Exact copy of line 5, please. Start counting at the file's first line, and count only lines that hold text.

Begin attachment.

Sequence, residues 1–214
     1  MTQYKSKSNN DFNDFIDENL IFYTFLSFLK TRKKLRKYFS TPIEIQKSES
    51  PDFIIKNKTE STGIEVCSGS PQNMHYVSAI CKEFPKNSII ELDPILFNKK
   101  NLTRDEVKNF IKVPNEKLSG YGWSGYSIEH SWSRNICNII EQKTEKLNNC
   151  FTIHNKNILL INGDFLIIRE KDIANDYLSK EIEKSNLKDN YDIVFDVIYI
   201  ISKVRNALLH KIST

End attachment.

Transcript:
   151  FTIHNKNILL INGDFLIIRE KDIANDYLSK EIEKSNLKDN YDIVFDVIYI